For years, experts have known that in mild to moderate cases of depression exercise is as effective (or more effective) a treatment as prescription drugs. Yet, here we are in 2014, with still climbing obesity rates and higher than ever numbers of people taking anti-depressants – a 400% jump in the last 20 years. This past week, exercise as medical therapy got another round of press after The Atlantic highlighted the issue in their thought provoking feature “For Depression, Prescribing Exercise Before Medication.” Let me add, however, that we aren’t just missing the boat in terms of depression therapy. Research has shown time and again that exercise offers just as good if not better results for an array of medical conditions. I might be preaching to the choir with the general theme, but let’s go beyond the basic assumptions and home in on the critical underlying messages reflecting why exercise isn’t just the safest and often most effective choice but why it so often remains the least accessed therapy.
Yes, the whole picture is profoundly intuitive to any Primal type (or maybe anyone not sold on the pharmaceutical solution to living). Isn’t it a funny, head-scratching coincidence that basic exercise can prevent – and treat – psychological and physical decline? Who would’ve thought that movement was useful to our bodies – that offering our physical forms the activity they were designed to perform for eons would confer some actual benefit? Still, the actual results themselves are fun if not impressive to read. Consider this…
Regular exercise resulted in a 30% remission rate for those with depression who didn’t respond to SSRI medication.
Study participants with heart disease who exercised had the same risk of dying as those who took popular drugs such as statins, antiplatelet drugs or ACE Inhibitors.
Research subjects with prediabetes who took the array of common prescription medications had the same mortality risk as those who simply exercised.
Among study subjects who had experienced stroke, those who exercised had a significantly lower mortality risk than those who took medications such as anticoagulants and antiplatelets.
On the flip side of this coin, of course, are the negatives. We’ve established that exercise confers physical, cognitive and emotional advantages for the prevention and/or treatment of many medical conditions. Add to this equation the question of drawbacks. Does exercise have disadvantages? In all fairness, your hair gets messed up. You’ll likely sweat. You perhaps need to take an extra shower or time the day’s toilette to match your workout schedule. You need to buy a pair of shoes (but then again you can just go barefoot). You’ll need to invest a little time for heavier workouts but perhaps can try to get some of the low level movement in while using a handy-dandy treadmill desk (or, more old school, work a job with heavy manual labor or lots of activity). Then we come upon the whole inertia argument, but in response there are even effective exercise options for the motivationally challenged.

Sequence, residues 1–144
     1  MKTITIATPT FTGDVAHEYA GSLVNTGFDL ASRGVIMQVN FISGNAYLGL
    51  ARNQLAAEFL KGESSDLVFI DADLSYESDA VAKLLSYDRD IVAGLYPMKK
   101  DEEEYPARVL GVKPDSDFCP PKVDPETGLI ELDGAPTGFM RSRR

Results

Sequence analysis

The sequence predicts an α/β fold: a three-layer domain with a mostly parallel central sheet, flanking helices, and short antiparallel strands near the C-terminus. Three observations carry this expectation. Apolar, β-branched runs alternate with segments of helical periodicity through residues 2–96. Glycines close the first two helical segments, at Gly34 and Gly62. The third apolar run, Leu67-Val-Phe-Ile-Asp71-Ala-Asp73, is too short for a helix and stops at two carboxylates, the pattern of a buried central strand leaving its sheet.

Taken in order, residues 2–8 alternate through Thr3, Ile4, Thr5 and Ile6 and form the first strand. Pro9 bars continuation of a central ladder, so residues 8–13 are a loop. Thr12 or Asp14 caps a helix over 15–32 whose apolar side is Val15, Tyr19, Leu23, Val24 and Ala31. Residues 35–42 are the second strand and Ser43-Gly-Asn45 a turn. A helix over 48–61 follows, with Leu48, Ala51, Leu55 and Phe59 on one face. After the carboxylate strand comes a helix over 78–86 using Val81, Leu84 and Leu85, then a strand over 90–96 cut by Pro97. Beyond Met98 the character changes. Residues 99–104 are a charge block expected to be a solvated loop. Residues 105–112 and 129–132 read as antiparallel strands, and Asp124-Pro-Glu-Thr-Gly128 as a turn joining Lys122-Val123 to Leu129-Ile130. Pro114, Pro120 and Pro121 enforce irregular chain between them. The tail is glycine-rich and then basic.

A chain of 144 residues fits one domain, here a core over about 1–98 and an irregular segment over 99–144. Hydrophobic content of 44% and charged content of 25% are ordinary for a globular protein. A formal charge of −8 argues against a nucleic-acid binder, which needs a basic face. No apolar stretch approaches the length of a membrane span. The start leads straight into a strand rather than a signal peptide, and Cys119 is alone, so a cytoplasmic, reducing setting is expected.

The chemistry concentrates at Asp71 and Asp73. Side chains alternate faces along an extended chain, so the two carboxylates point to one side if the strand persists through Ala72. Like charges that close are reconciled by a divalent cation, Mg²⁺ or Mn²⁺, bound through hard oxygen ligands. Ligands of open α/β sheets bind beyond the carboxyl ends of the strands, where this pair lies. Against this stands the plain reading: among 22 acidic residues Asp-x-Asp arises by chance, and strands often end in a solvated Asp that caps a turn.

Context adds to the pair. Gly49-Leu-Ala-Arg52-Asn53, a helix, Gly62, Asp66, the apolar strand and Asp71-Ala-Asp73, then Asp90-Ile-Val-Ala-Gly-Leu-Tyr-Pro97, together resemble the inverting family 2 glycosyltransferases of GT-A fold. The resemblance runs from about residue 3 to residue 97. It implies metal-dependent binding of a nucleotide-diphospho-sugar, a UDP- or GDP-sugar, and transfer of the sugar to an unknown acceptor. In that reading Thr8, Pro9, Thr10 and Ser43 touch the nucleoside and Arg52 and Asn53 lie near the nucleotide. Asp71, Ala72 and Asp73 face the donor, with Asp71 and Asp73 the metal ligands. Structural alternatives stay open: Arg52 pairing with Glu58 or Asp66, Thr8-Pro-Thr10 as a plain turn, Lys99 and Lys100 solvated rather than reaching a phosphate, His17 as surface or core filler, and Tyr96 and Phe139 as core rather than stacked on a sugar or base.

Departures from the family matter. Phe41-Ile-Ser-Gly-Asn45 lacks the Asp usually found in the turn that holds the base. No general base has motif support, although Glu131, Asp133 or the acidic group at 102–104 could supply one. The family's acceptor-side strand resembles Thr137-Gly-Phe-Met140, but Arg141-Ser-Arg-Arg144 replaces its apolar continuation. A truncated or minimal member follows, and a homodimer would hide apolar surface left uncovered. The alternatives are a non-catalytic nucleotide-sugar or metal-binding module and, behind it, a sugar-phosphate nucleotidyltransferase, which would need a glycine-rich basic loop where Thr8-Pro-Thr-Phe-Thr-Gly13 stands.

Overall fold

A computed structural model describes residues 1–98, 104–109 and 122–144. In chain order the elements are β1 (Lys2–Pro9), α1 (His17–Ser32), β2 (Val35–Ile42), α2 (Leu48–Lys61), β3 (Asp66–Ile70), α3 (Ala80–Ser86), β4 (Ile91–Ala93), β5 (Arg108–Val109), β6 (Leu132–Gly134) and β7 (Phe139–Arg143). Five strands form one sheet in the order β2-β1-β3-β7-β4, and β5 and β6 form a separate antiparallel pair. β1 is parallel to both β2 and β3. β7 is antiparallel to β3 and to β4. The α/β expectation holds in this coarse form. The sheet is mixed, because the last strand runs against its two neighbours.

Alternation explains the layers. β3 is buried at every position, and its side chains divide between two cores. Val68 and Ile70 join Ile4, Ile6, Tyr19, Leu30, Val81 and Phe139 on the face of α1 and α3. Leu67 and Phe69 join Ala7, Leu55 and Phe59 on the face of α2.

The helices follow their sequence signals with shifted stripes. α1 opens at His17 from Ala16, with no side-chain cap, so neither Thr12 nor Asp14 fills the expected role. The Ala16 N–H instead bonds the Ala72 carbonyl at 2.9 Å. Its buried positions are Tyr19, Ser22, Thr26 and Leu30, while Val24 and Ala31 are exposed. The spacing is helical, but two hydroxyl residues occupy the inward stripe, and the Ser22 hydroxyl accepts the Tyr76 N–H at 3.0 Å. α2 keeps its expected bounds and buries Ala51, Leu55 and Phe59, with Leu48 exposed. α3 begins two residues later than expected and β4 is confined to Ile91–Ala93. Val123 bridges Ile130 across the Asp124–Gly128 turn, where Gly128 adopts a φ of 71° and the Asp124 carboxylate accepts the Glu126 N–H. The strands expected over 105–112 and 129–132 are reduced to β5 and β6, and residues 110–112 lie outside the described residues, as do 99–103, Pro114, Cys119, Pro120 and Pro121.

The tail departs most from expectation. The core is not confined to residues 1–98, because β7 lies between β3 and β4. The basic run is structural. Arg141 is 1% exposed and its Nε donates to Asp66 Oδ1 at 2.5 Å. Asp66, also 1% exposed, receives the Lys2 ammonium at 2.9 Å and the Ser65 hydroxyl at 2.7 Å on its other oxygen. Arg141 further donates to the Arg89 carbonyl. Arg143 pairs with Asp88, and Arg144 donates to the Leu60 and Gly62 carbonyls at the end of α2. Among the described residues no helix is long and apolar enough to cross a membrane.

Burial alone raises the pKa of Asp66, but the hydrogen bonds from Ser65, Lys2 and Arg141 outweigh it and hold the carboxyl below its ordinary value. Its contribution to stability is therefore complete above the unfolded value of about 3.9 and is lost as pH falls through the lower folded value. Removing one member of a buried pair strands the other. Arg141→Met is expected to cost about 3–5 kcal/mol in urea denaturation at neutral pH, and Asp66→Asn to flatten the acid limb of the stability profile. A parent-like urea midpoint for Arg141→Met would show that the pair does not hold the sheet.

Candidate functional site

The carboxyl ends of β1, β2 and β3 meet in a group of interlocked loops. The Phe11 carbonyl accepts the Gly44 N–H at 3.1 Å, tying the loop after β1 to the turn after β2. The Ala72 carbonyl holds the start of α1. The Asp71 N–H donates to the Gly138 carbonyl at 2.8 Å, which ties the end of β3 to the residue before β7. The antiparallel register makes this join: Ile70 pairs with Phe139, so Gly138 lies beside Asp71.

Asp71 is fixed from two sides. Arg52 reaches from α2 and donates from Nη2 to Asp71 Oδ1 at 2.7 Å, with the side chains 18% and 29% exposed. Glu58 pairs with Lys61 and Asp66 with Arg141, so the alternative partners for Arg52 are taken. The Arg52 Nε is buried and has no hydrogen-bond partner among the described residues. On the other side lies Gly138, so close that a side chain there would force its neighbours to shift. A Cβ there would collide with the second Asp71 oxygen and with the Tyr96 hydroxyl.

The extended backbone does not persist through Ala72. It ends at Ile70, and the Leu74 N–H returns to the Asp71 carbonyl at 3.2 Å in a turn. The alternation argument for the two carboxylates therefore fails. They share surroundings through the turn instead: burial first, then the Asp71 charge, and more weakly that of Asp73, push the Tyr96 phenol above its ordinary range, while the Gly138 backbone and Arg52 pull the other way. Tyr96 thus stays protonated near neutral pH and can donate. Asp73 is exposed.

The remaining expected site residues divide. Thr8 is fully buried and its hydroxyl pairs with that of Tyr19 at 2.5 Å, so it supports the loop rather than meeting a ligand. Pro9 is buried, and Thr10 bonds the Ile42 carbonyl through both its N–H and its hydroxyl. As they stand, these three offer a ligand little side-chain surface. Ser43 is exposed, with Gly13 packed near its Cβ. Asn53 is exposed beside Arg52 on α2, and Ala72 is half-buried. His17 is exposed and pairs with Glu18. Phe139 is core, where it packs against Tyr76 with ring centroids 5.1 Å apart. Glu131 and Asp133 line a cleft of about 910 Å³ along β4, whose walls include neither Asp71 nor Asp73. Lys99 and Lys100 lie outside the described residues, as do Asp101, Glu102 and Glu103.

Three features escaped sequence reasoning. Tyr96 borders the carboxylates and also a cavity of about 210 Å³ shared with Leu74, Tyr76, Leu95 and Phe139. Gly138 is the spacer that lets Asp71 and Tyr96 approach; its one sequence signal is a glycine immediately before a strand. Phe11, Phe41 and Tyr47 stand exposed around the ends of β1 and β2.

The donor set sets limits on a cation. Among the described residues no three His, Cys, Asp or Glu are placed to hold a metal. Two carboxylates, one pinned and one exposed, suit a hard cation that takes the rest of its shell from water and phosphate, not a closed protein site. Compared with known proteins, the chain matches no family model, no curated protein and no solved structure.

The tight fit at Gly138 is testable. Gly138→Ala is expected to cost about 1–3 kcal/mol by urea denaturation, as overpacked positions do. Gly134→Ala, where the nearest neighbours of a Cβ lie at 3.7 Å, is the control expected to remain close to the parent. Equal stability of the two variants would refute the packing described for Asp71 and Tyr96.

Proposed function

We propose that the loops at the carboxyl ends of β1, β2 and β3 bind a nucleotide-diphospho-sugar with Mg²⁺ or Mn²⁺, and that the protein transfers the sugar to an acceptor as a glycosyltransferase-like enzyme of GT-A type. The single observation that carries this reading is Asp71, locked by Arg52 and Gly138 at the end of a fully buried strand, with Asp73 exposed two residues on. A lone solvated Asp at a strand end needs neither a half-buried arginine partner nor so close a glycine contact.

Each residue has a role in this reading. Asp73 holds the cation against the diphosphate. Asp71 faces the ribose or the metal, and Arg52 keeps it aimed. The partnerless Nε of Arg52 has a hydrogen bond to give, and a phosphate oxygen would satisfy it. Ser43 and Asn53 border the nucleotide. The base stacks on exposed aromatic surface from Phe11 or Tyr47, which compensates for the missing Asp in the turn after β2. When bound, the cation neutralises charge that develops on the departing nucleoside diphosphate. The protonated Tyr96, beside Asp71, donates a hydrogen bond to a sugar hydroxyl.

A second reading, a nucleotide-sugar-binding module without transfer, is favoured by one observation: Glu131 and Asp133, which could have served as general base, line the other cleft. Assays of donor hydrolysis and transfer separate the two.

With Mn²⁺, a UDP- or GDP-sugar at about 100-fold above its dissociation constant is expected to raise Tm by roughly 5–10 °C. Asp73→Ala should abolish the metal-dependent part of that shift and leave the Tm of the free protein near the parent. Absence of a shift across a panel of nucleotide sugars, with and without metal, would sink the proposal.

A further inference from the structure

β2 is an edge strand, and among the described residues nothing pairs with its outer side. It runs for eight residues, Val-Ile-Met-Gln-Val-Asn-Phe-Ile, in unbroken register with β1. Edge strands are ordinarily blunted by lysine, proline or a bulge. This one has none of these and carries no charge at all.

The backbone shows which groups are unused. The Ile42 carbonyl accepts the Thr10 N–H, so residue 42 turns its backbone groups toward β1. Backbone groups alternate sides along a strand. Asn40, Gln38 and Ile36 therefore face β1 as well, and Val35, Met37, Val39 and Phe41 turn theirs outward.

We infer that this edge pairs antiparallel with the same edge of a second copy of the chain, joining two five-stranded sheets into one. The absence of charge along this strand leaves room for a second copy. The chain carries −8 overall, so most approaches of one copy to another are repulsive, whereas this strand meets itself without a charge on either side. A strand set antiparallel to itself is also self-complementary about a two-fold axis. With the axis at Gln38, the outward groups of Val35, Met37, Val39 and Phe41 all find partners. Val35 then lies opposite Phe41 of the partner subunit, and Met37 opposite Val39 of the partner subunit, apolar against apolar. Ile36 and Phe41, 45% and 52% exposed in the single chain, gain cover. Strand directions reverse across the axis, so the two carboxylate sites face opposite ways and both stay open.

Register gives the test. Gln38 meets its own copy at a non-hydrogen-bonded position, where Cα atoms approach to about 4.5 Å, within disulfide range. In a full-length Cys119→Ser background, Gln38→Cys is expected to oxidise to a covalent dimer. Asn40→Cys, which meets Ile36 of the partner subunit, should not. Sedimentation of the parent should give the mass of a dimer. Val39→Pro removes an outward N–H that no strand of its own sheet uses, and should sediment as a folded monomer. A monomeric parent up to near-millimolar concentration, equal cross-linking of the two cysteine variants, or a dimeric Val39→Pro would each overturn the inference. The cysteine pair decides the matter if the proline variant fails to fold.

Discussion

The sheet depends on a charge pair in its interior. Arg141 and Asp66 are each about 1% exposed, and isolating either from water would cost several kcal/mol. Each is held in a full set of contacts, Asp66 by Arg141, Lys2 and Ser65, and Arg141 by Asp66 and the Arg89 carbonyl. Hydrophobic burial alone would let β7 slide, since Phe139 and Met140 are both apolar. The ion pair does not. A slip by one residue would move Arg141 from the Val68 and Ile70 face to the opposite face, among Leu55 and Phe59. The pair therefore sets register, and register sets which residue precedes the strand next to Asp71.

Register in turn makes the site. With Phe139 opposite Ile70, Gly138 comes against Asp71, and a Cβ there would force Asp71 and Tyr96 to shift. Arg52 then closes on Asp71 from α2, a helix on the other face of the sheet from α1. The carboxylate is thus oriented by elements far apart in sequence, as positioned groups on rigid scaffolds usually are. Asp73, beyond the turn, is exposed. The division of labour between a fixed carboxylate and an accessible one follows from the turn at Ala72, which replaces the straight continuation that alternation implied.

While I’m not trying to minimize the nuisance of smelly armpits or losing an hour on the sofa, let’s take a look now at the potential downsides of pharmaceutical solutions.
Side Effects for SSRIs: gastrointestinal disturbances, anxiety, agitation, insomnia, sleep disturbance, weight gain, sexual dysfunction
Side Effects for Statins: memory loss, forgetfulness, confusion, muscle damage, increased risk of diabetes, liver injury
Side Effects for Anti-coagulants: excessive bleeding, severe bruising, bloody urine or stool, headache, back pain, chest pain, difficulty breathing
Side Effects for ACE-inhibitors: dizziness, headache, fatigue, loss of appetite, gastrointestinal problems, diarrhea, numbness, fever, joint pain
Side Effects for Beta-blockers: diarrhea, stomach cramps, nausea, vomiting, rash, blurred vision, muscle cramps, fatigue, headache, depression, confusion, dizziness, sexual dysfunction, low or high blood glucose
The final kicker? A study out just last month showed that more than 20% of older adults being treated for multiple medical conditions are prescribed medications that worsen the symptoms of another condition. In other words, their medications work at odds or in “therapeutic competition” with each other. The more we dig ourselves into the pharmaceutical hole, it appears, the worse (and more ironic) it all gets.
Knowing all of this, why does the obvious solution feel so impossible? Why won’t people accept exercise as a genuine medical option? Why do we tend to go with a pill (at times, an awfully expensive one) rather than a simple, natural behavior change? Why are we individually invested in this choice? Why are we as a culture – or medical establishment – so invested in this approach?
We’ll spend billions of dollars researching which gene “lights up” or which protein levels rise all in the name of better understanding the physiological mechanisms of disease while the solution itself is staring us in the face. Let me back up for a moment and suggest that I’m not arguing that exercise covers any and all medical need. I’m not saying it has the absolute power to cure or prevent any particular person from developing illness in his/her lifetime. Our physiology is inherently complex. People should avail themselves of the broad medical options that allow them to lead the fullest and healthiest lives possible. That said, there’s rarely an instance in which lifestyle choices can’t make a powerful difference either unto themselves or in conjunction with conventional or complementary medical treatments.